Tuesday, October 7, 2008

Free and Open Source Sofware/Courseware

Free and Open Source Software (FOSS) has transformed the software industry. The collaboration of passionate "hackers" has resulted in the availability of high quality software applications for all. The benefits of FOSS include free or reduced cost, no user restrictions, and a consistency with the academic values of openness and sharing. However, as it relates to free and open source courseware, the greatest benefit is providing a successful model capable of harnessing IT to improve learning.

One of the keys to the success of many FOSS projects is that they are embedded within a community that supports the project, one another, and continually improves the product. Similarly, for free and open source courseware to improve it must be supported by an active community to collaborate, help one another, improve the products, and to spread the word about courseware applications. This community must include teachers, students, administrators and instructional developers. Robert Stevenson, a community manager for curriki.org, believes that for open course communities to thrive they must:

-Achieve active community collaboration and participation.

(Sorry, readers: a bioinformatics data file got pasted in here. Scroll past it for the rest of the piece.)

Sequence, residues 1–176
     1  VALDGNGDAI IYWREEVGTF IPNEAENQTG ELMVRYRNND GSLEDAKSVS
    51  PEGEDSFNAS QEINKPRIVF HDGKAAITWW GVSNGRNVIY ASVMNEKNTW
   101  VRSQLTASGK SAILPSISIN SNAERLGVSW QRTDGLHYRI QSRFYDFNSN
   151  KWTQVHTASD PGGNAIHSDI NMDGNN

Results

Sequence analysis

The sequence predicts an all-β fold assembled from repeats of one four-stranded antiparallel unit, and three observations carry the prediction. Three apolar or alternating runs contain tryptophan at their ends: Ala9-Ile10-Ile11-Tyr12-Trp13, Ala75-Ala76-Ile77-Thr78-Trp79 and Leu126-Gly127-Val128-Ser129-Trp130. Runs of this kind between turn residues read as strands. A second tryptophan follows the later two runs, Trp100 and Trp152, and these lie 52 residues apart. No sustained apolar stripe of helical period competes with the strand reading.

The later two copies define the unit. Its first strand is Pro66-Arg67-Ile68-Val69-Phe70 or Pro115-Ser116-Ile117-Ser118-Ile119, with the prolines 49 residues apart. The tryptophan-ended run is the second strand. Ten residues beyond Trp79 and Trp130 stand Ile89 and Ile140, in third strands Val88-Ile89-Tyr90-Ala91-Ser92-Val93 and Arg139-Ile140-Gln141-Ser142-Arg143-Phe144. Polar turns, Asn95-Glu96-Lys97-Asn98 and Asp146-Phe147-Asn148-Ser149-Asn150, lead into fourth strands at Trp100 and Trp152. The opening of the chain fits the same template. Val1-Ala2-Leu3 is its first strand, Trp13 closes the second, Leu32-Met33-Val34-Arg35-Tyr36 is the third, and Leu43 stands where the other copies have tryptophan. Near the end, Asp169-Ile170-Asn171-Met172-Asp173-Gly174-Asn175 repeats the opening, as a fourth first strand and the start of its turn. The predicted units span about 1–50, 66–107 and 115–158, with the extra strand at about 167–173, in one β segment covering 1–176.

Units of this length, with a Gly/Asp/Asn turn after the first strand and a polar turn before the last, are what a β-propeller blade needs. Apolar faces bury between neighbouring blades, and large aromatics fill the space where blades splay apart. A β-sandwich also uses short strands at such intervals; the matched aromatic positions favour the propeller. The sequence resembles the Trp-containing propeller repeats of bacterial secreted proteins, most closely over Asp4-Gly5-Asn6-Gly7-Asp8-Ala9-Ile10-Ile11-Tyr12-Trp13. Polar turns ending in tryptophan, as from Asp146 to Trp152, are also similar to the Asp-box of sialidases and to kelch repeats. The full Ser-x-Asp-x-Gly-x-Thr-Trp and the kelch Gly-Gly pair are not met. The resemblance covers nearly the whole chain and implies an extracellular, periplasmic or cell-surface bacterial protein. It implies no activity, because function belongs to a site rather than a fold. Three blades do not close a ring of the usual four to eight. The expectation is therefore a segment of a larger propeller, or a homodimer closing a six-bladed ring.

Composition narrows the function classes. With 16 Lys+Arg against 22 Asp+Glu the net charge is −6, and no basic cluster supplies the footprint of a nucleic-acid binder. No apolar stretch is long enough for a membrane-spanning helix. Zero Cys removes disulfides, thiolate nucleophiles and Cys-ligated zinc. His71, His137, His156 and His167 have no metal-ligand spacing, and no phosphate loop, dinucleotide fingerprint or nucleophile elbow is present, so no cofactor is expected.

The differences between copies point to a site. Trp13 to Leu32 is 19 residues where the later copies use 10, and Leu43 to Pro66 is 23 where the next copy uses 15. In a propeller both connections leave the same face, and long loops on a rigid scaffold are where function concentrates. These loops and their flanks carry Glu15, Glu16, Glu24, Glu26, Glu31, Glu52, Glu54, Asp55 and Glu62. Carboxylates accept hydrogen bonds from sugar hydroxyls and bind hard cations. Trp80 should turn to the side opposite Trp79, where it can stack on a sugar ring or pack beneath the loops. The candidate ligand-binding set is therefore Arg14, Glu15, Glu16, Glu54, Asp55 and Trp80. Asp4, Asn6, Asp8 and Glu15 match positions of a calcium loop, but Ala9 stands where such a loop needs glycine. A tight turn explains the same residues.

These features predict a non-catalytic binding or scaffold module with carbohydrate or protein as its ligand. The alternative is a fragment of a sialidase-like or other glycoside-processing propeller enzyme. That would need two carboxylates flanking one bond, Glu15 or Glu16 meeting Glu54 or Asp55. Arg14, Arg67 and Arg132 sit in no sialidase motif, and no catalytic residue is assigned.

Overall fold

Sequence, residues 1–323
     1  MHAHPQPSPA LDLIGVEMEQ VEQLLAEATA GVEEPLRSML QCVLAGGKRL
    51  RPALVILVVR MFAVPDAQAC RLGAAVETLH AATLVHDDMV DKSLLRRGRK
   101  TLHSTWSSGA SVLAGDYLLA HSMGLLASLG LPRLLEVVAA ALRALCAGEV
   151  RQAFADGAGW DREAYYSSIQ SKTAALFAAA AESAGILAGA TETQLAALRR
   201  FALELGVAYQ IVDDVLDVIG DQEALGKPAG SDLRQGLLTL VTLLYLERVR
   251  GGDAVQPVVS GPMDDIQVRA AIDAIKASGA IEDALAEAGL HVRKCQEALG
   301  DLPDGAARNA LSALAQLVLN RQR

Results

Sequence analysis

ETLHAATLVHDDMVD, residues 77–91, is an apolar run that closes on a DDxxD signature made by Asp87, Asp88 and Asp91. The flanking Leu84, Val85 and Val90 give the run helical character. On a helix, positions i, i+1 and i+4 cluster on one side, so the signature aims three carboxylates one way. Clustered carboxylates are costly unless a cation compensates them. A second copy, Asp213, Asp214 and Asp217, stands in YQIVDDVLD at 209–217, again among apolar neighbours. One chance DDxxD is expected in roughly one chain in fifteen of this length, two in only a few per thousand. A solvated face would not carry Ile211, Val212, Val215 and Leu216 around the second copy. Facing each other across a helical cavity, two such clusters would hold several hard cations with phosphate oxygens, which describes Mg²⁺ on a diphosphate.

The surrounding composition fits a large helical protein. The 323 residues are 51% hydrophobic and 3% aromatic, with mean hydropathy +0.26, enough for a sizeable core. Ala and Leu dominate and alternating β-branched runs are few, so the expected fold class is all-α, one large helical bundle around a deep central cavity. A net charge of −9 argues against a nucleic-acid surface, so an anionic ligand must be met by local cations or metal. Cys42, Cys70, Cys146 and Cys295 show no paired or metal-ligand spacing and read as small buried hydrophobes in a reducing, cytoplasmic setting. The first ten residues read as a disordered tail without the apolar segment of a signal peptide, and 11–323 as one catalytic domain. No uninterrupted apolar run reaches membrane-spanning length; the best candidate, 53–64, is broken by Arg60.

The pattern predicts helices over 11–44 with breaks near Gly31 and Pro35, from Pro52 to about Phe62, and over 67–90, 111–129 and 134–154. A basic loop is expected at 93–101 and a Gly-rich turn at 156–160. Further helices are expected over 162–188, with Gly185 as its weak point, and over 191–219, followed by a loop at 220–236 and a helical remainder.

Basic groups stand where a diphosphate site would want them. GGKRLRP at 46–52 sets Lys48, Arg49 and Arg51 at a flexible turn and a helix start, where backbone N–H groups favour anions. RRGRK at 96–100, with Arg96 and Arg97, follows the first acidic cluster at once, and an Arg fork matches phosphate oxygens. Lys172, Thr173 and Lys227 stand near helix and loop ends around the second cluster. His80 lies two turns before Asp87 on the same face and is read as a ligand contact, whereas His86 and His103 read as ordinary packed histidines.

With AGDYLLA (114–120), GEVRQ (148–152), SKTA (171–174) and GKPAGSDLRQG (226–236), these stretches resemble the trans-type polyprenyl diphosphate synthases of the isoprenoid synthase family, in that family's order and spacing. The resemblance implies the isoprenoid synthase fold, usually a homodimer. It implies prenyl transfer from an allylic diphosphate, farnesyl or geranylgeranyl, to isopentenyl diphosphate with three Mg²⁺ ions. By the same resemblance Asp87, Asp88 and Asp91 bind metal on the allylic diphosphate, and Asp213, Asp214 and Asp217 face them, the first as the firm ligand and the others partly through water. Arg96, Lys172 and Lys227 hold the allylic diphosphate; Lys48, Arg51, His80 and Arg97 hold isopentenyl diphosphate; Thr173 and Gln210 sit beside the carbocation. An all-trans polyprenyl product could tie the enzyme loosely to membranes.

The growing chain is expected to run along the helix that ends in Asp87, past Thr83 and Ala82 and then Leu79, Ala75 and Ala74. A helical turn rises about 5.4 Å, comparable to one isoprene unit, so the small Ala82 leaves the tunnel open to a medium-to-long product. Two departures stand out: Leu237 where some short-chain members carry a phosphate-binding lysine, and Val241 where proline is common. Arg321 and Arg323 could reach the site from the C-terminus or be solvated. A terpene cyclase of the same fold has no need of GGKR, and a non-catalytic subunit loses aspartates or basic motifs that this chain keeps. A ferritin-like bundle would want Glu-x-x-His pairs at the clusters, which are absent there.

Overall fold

-Include students in the communities.
-Have the ability to modify and improve resources.
-Incorporate assessment to drive improvement.
-Provide easy ways for communities to make contributions.

When all of these are accomplished, communities supporting open course software will become stronger, and it will transform education, much like FOSS is transforming the software industry.

1 comment:

Walter said...

Hi Mike!
I am a student in ITEC at SFSU in Dr. Foreman's class, and because of her friendship with Curt we've been asked to comment to your blogs. I'm in total agreement with the tone and substance of your post. I have an IT background and a lot of experience with proprietary software, and it is a total pleasure to work with FOSS. First was Linux, then recently Moodle. The online Web 2.0 applications that I use and which are "free" + community-built are too numerous to mention.

If you have the time and inclination, check out "Just for Fun," written by Linus Torvalds who created Linux---great first-hand insights into a free-software mindset and methodology. You can find it at Amazon (which by the way makes extensive use of Linux).